Some currency pairs are more liquid than others, in theory, making it easier to trade. Below you’ll find information about the most common and bulkcurrency pairs in circulation, and you’ll also find plenty of information available online about each of these pairs, if you want to do more research.
A currency pair that does not contain usdollar as one of its currencies is called the cross-exchange rate ” or “intersections” of common crosspairs (EUR/JPY) (EUR/JPY), GBP/JPY (GBP/JPY) and EUR/GBP (EUR/GBP).
There are approximately eight pairs of major currencies that share the US dollar in a currency pair. If the U.S. dollar is not a currency in the pair, the currency pair is not considered one of the major pairs.
The EURO-USD pair is the most widely traded currency pair in the market and includes the currencies of two of the world’s largest economies. Because they have huge liquidity, they are somewhat less volatile than other currency pairs, however, traders should be aware that even the most liquid pairs can become volatile under certain circumstances.
The currency pair (USD/JPY) is the second most traded currency after EUR/USD. In general, the USD/JPY pair has very high liquidity, yet the JPY is seen as a safe haven in periods of global economic instability. However, political and economic events in China and Korea have a significant impact on the Japanese yen, which is called the “Gateway of the East.”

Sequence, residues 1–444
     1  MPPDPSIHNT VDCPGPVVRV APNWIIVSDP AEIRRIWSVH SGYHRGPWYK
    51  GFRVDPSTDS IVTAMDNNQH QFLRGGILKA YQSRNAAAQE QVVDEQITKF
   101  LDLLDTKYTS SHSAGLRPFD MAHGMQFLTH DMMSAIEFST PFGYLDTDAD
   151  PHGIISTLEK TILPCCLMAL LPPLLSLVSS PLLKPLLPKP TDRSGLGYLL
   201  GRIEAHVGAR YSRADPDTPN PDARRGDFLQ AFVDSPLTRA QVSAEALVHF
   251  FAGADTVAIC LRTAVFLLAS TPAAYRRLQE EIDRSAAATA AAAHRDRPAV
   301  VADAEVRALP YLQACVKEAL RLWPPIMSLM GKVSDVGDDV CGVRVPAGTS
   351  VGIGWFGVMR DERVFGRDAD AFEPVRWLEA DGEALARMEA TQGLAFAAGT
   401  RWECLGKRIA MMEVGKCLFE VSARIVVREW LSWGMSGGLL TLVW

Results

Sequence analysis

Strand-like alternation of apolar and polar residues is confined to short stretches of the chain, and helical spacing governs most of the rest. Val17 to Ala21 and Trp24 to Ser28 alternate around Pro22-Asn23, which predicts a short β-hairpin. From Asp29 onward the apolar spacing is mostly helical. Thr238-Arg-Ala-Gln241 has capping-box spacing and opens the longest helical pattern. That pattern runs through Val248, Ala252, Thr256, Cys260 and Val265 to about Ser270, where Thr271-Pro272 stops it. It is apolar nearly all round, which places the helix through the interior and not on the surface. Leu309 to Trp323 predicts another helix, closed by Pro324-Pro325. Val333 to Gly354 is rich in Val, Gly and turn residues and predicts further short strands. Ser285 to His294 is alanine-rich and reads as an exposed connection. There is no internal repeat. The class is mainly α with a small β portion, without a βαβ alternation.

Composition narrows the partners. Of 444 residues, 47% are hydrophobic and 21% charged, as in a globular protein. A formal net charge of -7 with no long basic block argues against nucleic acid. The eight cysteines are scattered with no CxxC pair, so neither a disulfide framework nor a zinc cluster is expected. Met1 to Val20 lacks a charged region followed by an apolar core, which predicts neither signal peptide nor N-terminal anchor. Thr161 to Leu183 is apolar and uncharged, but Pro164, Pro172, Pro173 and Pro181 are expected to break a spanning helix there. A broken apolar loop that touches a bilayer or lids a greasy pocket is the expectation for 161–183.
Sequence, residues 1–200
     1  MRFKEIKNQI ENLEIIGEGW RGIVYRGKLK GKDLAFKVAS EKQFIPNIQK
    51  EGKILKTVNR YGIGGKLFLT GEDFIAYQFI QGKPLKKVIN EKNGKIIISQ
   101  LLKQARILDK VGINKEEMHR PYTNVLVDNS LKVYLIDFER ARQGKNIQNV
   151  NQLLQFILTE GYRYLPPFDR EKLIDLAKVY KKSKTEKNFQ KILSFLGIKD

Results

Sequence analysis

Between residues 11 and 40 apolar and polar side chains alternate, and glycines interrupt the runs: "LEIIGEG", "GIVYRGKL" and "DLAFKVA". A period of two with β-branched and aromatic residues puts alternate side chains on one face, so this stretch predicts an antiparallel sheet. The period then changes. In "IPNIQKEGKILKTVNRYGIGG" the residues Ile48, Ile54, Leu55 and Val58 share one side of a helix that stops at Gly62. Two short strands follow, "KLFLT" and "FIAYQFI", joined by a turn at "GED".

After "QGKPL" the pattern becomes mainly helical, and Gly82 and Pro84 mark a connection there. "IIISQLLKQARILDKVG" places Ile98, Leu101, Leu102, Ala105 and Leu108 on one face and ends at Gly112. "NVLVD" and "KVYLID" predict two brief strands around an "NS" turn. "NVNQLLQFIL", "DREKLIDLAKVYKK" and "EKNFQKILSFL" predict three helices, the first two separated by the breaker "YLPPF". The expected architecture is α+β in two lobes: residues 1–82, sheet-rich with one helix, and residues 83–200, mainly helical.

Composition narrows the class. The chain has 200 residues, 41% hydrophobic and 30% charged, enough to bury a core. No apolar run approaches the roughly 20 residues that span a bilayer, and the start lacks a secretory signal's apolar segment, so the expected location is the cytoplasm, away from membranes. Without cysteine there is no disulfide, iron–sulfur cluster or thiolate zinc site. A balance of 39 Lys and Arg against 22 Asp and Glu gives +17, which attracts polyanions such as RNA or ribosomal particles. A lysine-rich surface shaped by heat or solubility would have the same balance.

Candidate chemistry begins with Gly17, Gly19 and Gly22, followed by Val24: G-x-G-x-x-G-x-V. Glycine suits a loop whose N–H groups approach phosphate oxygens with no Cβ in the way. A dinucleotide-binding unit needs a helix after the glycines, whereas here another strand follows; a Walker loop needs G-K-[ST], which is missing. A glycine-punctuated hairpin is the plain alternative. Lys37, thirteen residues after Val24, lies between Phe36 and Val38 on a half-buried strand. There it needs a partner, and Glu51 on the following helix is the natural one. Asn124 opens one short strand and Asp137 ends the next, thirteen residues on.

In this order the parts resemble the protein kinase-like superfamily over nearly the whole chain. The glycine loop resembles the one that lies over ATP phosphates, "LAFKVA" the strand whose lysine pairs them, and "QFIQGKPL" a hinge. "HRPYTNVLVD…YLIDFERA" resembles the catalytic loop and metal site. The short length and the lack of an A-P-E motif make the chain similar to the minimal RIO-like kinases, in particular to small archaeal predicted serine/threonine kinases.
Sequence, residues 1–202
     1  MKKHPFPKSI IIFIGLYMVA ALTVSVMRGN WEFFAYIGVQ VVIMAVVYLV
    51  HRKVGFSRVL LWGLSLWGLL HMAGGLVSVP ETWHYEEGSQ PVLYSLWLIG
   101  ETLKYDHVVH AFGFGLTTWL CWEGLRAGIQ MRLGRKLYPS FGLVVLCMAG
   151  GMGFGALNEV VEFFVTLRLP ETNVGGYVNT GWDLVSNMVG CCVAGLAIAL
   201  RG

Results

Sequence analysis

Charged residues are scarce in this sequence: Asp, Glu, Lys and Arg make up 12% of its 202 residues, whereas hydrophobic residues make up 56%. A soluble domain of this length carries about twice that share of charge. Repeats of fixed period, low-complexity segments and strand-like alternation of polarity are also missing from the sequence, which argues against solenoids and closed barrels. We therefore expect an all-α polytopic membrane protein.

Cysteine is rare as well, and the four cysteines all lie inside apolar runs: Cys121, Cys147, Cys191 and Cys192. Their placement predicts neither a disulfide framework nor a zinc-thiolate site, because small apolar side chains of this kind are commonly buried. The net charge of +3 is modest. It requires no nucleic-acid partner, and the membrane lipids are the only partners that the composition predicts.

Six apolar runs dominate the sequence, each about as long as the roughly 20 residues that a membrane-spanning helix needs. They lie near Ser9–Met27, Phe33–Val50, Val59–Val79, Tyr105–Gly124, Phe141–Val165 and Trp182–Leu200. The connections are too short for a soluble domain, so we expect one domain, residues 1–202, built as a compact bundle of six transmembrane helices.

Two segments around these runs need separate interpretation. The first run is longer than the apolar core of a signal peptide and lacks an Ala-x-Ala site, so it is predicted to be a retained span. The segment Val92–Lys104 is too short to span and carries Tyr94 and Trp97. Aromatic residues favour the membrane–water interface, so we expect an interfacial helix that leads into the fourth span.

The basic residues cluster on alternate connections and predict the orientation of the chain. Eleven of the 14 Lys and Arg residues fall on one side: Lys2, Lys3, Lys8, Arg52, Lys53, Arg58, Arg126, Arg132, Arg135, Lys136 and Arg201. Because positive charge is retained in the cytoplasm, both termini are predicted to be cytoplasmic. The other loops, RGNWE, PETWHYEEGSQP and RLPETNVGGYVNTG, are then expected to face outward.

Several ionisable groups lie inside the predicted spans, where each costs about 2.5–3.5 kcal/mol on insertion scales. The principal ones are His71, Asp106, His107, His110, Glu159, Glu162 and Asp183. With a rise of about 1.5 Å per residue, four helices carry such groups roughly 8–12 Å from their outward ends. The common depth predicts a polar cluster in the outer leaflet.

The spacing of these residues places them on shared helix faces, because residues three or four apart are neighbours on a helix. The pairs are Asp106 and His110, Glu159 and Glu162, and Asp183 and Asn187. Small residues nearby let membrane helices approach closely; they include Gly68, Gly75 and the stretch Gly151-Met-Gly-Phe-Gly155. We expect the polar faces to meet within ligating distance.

The GBP/USD is known as the “cable” because it was the first currency pair to be traded over telephone lines, or cables that cross the Atlantic. The United Kingdom and the United States are among the largest Western economies and share strong trade relations. The continuing uncertainty arising from the UK’s exit from the European Union has therefore led to increased price volatility for the pair. Sterling is also trading very heavily against the euro, as reflected in the EUR/GBP pair.
The USD/CAD currency pair is called “color” The Canadian dollar is strongly linked to commodity trading, as Canada is one of the largest exporters of oil, minerals and grains. As a result, international trade flows in these commodities lead to strong liquidity for the USD/CAD pair, however, such commodities also suffer from high-level volatility.
This is AUD/USD, which at certain times in history, ranks third in the list of the most common currency pairs. Just like Canada, Australia is a major exporter of goods such as natural gas, coal, iron and agricultural products. As a result, international trade flows in these commodities lead to strong liquidity for aud/USD, yet such commodities also suffer from high volatility.